Pierce Pennant Motor Hotel
This former hotel complex was erected in 1929 by the Pierce Petroleum Company—a subsidiary of Standard Oil. This hotel was meant to be one of the first of 150 hotels the company would build every 100-150 miles between New York City and San Francisco. Near the same time as this hotel's construction, the soon-to-become the famous Route 66 was being completed. Route 66 connected Chicago with Los Angeles and in Missouri, the decision was made to build Route 66 from St. Louis to Springfield and route traffic through the southern half of Missouri. As a result, much of the east-west traffic the hotel hoped to receive moved southeast away from Columbia. Combined with the effects of the Great Depression, the Route 66 led to the closure of this hotel. Today, the building serves as the home of an assisted living facility.
Backstory and Context
The company constructed hotels in Springfield and Rolla, but with the Great Depression reducing the money available for investment, the small company was soon acquired by Sinclair Oil and plans to construct a nationwide network of hotels was abandoned. The former hotel is significant for its association with the automotive industry, which was still fairly young at the time. Not only was the building a hotel, but it also had a gas station and represents one of the most ambitious plans to create a hotel chain geared towards automobile travelers at a time when most hotels focussed on rail traffic.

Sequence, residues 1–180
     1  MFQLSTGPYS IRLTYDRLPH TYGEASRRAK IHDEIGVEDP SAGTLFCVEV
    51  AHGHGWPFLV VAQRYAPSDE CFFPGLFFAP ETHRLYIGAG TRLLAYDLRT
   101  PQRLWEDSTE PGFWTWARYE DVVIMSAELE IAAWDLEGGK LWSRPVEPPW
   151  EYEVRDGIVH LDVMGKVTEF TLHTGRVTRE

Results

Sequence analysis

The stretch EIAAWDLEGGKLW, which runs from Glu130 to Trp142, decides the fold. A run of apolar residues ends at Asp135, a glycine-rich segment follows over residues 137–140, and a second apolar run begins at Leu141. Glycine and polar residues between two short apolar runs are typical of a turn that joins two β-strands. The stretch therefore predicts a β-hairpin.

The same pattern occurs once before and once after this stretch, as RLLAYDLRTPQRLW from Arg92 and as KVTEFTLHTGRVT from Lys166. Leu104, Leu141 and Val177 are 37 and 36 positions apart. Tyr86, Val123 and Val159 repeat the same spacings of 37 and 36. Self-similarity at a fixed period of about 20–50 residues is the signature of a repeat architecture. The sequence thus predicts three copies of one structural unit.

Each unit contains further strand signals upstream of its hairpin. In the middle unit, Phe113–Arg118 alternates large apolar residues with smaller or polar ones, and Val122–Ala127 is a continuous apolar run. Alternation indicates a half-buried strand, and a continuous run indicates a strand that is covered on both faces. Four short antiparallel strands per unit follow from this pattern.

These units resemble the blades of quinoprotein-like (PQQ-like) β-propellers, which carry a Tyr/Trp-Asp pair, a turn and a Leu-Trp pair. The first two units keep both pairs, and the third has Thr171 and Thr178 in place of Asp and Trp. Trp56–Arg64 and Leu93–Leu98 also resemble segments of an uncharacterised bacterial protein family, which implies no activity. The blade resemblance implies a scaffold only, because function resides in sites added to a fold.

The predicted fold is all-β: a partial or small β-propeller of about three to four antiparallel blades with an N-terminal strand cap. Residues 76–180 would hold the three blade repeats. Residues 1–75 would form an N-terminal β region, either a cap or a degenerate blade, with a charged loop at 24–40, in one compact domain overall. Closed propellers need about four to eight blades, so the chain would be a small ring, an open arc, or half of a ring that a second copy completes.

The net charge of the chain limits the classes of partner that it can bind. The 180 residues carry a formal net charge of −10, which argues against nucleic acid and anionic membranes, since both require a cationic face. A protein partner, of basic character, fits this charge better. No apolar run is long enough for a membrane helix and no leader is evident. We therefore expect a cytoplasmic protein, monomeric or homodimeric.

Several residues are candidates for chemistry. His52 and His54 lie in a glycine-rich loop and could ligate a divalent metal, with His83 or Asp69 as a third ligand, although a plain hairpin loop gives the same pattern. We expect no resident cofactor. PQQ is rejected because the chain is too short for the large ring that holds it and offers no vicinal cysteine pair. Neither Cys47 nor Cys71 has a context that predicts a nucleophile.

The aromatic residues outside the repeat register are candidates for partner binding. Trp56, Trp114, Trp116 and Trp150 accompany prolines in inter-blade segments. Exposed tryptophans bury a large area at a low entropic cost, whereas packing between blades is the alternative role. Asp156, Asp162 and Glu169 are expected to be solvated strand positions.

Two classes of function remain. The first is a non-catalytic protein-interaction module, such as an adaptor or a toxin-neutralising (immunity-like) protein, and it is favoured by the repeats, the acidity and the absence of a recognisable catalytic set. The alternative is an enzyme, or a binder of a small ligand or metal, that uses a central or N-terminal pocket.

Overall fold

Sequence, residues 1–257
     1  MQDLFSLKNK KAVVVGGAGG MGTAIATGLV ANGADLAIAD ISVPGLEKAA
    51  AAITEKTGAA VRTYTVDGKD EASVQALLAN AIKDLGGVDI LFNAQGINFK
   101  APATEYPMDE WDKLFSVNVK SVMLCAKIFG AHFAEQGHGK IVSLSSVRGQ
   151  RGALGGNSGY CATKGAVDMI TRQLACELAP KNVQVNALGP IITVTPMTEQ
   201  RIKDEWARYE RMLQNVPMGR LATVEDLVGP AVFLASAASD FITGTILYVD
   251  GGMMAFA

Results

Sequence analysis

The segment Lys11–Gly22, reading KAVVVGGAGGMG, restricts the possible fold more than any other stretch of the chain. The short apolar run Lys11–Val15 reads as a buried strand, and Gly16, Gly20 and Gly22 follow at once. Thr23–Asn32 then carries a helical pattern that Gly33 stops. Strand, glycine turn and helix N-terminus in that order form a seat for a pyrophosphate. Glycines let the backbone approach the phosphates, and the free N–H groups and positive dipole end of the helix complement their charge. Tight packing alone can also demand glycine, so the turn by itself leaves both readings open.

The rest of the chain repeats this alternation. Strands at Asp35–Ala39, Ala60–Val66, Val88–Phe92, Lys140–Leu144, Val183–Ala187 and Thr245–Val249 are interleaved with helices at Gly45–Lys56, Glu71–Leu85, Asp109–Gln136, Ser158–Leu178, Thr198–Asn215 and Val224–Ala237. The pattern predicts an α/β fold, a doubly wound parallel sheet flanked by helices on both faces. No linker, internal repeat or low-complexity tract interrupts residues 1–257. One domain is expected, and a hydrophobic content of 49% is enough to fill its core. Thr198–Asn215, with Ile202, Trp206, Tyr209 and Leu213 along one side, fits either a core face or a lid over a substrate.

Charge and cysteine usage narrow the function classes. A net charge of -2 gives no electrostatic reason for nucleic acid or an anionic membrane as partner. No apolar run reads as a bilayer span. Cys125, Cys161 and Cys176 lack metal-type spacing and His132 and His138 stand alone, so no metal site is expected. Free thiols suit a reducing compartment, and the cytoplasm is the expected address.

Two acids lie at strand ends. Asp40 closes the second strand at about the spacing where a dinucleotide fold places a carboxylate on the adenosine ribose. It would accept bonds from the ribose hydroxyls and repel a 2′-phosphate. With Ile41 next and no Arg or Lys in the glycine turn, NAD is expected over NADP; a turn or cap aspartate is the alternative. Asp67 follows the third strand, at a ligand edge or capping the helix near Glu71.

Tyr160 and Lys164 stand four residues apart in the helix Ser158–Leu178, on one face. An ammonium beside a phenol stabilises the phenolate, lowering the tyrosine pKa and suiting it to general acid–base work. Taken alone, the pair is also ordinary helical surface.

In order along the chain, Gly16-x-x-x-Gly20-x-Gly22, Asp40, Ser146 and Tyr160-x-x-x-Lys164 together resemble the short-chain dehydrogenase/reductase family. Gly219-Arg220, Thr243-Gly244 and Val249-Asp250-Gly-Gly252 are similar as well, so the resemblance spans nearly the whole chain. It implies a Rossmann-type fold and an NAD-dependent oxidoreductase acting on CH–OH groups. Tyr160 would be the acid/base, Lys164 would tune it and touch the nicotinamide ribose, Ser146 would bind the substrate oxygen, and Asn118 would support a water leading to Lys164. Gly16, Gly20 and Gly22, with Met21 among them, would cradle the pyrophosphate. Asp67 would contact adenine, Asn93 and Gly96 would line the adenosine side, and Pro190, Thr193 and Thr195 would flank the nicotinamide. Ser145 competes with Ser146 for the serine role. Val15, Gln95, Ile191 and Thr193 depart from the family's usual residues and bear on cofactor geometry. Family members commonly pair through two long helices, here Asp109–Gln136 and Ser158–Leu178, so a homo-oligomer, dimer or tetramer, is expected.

In terms of design, the building is a fine example of Colonial Revival architecture. Lastly, the nearby Stephen's College used this building to house students who were part of its groundbreaking program for female pilots and ground personnel during and after World War II It is estimated that through 1955, around ten percent of the country's female pilots were housed here while the trained at Stephens College. In later years, the building was converted to an assisted living facility.
Photo: Wikimedia Commons